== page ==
Those hoping to train in a new field are faced with numerous challenges rising unit fees, book cost, limited space in classes.This month, Cañada College in Redwood City is launching a free medical administrative assistant certificate program. Originally limited to 30 students, the grant-funded program will run over two semesters. Totally free to those accepted, students will leave prepared for the testing required to apply for jobs in the growing field.I think it’s just a wonderful opportunity, Linda Hayes, dean of Cañada’s Workforce Division said.
The program covers fees, textbooks and material fees. It provides students the training to get started in a front office position and possibly start earning a livable wage. Once a person is employed, he or she can return and cover the costs thanks to the new salary or financial aid for back office training, said Hayes.
You can keep developing those skills to climb the ladder, said Hayes.Jeri Eznekier, who is coordinating the program, explained interest has been high. About 200 people inquired about the program and 85 applied, she said.So many people need retraining, said Eznekier.Getting a medical assistant position isn’t as simple as applying. Eznekier explained many offices require a number of tests to be completed before a candidate will be considered. Through the program, students will have access to classes that will help in those areas.Students will be learning medical terminology, math needed for dosages and, if needed, writing development.With limited space, the program expanded to start with 38 people Tuesday, Jan. 17. Students will take between 14.5 units to 18.5 units per semester as a group depending on their skill level.It’s not easy; it’s accelerated. These students can all succeed if they put the time in, Hayes said.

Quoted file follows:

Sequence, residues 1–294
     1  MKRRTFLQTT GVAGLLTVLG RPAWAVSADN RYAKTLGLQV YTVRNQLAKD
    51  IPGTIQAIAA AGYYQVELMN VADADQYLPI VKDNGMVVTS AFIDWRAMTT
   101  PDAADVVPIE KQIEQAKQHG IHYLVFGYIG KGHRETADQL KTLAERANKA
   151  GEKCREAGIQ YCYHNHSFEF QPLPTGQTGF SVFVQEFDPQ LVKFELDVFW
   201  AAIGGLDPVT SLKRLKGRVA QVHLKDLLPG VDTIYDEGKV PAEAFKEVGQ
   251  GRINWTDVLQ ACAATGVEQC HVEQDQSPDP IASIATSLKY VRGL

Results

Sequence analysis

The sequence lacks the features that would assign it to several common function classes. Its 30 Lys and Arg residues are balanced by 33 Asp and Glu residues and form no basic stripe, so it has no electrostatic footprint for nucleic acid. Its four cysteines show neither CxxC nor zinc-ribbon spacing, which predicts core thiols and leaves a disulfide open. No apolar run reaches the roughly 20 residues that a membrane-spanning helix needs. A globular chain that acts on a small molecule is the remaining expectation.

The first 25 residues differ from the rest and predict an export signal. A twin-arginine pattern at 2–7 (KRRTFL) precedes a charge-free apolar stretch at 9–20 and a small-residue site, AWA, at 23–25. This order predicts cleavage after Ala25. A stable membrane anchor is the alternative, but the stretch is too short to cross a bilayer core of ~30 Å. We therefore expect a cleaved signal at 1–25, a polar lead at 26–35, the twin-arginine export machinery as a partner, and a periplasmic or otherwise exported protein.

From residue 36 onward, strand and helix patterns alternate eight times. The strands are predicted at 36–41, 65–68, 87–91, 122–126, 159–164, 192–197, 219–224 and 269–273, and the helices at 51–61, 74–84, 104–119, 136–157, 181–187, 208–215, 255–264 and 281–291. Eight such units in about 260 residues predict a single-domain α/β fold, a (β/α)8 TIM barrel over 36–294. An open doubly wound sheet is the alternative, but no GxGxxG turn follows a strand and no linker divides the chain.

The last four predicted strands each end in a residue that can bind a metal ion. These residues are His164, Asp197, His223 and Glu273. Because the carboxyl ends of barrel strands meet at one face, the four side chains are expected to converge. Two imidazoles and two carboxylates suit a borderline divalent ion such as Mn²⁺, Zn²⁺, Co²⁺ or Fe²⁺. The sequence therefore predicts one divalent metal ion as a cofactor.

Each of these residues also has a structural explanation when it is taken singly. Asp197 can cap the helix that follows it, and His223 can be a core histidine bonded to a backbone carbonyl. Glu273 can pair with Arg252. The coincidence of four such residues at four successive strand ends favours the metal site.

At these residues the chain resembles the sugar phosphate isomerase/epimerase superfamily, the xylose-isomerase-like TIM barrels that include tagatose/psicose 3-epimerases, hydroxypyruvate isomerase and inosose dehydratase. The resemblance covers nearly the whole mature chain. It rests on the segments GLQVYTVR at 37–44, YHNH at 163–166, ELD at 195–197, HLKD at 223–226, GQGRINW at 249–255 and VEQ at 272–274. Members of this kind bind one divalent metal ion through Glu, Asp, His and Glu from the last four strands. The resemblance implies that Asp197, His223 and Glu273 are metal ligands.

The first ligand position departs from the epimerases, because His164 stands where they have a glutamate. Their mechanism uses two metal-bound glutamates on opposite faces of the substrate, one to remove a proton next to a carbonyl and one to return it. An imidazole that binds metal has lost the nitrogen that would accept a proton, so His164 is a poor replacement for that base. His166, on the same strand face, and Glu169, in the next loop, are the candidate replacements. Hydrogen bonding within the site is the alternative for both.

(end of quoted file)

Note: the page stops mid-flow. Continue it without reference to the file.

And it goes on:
Hayes is optimistic the program can be duplicated starting this fall if the funding continues. Given the need and interest, a database was created of those who were interested.
This isn’t the first time the college has offered free training. More than a year ago, English, accounting and different courses were offered in Menlo Park. Last year, thanks to a different grant, Cañada offered home energy retrofitting training. Despite the budget challenges, Hayes noted more and more people need job retraining. Hayes and her staff are always looking for new ways to meet those needs.